Two Japanese Ramsar Sites in question:

Among 50 Ramsar Sites in Japan, two mires/peatlands are under threats:

1. Kushiro Marsh National Park, Hokkaido

The core area of the Kushiro Marsh was designated as the first Ramsar Site in Japan when the country became the member state of the Ramsar Convention in 1980. The majority of the marsh including some surrounding areas was then designated as a national park (28,788ha) in 1987. Kushiro Marsh is the largest marshland remaining in today's Japan. The symbol of the long conservation efforts for the marshland is endangered red-crowned crane (Grus japonensis). Cranes in Kushiro Marsh attract a lot of tourists and photographers from around the world, especially during winter when a large number of cranes can be seen at some feeding stations.

'The Kushiro Marsh Restoration Project' has been carried out since 2005, comprising of several restoration components such as restoring the original meandering river course of a part of Kushiro River within Kushiro Marsh.

Yet a new problem on maintaining the ecological characters of Kushiro Marsh has emerged. It seems that the number of residential wild deer (Cervus nippon yesoensis) in central Kushiro Marsh has increased. There was no mention of any deer problem in the original "Overall Concept of Nature Restoration of Kushiro Marsh", published in 2005.

The ecosystem management work is in position and will be carried out by the Ministry of the Environment (MoE) in due course within Kushiro Marsh National Park to control the number of wild deer.

2. Nakaikemi Wetland (87ha), Fukui Prefecture in western Japan

Nakaikemi wetland is a relatively small remaining mire surrounded by hills. The Ramsar designation of the wetland was officially announced during the Ramsar COP11 (Bucharest in 2012). Considering the catchment approach, some parts of surrounding hills were also included in the Ramsar Site. The Mayor of Tsuruga City, where the Nakaikemi wetland is located, and members of a local conservation NGO for Nakaikemi wetland all came to Bucharest to celebrate the official designation of the site. However, just before the official designation of the site, local newspapers have revealed that the new route of bullet trains would pass through the Ramsar designated area to the Tsuruga Station.

The previous Secretary General to the Ramsar Convention Secretariat, Dr. Briggs, visited Nakaikemi Wetland in 2014:
JAWAN (the Japan Wetlands Action Network) submitted its petition regarding this issue.

The National Report of Japan to the Ramsar COP12 stated that likely change in the ecological character of Nakaikemi has been reported to the Ramsar Secretariat in accordance with Article 3.2.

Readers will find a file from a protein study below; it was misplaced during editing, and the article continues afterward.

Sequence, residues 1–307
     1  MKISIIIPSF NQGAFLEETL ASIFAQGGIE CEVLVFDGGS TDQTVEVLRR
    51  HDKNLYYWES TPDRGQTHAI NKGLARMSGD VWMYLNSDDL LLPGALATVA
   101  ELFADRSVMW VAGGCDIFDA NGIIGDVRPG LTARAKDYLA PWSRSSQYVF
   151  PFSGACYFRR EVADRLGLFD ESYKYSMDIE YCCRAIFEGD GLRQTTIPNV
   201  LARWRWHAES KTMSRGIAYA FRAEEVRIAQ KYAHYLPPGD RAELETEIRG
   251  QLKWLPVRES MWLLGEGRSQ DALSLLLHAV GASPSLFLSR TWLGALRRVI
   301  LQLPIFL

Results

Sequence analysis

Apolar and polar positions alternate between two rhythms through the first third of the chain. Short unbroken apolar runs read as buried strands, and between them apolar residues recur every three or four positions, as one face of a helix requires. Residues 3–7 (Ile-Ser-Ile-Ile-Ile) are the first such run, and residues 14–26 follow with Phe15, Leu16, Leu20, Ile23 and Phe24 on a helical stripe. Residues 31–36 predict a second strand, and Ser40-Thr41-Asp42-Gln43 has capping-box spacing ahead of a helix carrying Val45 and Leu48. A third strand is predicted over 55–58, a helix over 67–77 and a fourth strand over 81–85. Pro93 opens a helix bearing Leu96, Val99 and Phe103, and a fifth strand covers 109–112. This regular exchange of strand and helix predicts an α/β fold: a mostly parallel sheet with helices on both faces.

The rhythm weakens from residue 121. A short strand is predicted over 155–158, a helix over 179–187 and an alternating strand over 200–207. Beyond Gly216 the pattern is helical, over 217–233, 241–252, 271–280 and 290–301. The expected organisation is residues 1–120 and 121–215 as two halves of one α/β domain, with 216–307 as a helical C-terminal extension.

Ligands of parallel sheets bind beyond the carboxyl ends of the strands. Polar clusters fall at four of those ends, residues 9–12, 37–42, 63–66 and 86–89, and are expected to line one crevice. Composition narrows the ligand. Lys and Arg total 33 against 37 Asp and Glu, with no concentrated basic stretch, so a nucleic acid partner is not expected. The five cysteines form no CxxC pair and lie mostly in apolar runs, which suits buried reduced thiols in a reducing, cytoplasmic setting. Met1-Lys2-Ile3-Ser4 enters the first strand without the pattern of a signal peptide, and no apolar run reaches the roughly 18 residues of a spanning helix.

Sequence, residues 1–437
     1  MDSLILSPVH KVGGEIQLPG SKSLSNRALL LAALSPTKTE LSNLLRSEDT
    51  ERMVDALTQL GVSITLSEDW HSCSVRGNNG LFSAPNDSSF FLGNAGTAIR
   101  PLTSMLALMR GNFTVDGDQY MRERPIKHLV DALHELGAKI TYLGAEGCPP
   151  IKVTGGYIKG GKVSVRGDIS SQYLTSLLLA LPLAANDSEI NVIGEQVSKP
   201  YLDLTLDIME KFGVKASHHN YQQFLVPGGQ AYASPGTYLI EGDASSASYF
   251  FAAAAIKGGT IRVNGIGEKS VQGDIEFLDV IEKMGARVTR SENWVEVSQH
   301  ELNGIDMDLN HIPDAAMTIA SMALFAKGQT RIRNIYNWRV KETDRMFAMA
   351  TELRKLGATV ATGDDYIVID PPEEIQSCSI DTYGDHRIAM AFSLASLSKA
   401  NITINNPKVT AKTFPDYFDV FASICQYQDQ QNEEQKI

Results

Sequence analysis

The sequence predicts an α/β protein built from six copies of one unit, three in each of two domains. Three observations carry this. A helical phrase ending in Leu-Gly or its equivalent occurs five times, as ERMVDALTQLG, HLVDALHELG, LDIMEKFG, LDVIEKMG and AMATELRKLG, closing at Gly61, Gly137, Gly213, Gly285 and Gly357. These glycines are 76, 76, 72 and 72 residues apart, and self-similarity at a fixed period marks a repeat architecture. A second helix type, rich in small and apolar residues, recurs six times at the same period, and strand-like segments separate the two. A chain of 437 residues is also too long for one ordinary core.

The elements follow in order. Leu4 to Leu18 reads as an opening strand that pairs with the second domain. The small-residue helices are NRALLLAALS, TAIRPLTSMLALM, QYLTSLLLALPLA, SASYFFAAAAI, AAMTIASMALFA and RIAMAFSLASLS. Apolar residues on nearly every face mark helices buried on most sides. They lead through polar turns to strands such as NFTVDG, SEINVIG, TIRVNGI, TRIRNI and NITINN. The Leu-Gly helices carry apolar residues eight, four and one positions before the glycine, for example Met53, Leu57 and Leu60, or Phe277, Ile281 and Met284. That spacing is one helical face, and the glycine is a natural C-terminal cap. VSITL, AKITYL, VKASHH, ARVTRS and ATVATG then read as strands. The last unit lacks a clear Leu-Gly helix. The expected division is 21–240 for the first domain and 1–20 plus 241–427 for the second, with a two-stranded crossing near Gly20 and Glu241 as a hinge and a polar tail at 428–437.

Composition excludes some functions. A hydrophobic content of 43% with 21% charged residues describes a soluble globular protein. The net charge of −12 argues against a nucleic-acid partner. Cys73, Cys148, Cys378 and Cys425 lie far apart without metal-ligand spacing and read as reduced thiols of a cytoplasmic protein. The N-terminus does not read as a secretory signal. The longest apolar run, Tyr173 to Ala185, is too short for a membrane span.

In addition, the draft National Report of Japan to the forthcoming Ramsar COP13 stated that in reviewing the routes of Hokuriku Shinkansen train (bullet train) plan to be constructed near Nakaikemi wetland, the operator conducted an impact analysis on flow rate, groundwater level, and precipitation, and analyzed the impact that construction will have on nearby groundwater and that, following the analysis, a route predicted to have minimal change in groundwater was selected. However, the new route still pass through this tiny Ramsar-designated wetland area and many conservationists in Japan worry that the construction work may negatively affect the wetland.

Four Important Coastal Wetlands in Japan are in question:

1. Sanbanze, Chiba Prefecture in central Japan

It is not surprising that almost 90% of coastal area along Tokyo Bay has been already modified. Nevertheless, the first Ramsar designation of tidal flat areas in Japan was done at the Ramsar Kushiro Conference (COP5 in 1993). Yatsu Tidal Flat Area is a land-locked tiny mudflat area (40 ha) which is connected to Tokyo Bay with two channels.

The representative of JAWAN (Japan Wetland Action Network) on behalf of all conservation NGOs attended at the Ramsar COP5, highlighted the following points during his official statement made at the plenary of COP5 in Kushiro: i) intertidal mudflat areas are most threatened wetland type in Japan; 2) there are many threatened mudflats in Japan, but four such areas are most important - Isahaya, Wajiro, Fujimae, and Sanbanze.

Among these four major tidal flats in Japan, only Fujimae became a Ramsar Site so far.
The former Secretary General visited Sanbanze in September 2001, confirmed the tidal flats are worth registering as a Ramsar Site and encouraged all stakeholders concerned to facilitate its designation.

The Chiba Prefectural government has announced its plan to construct a new road network to mitigate traffic jam along the shoreline of Tokyo Bay. The Sanbanze area and its surroundings are of possible candidates under future road construction projects. Thus the designation of Sanbanze as a Ramsar Site might be substantially delayed until the concrete road network plan is put on the table, or not possible at all if the new road network will pass through the Sanbanze area.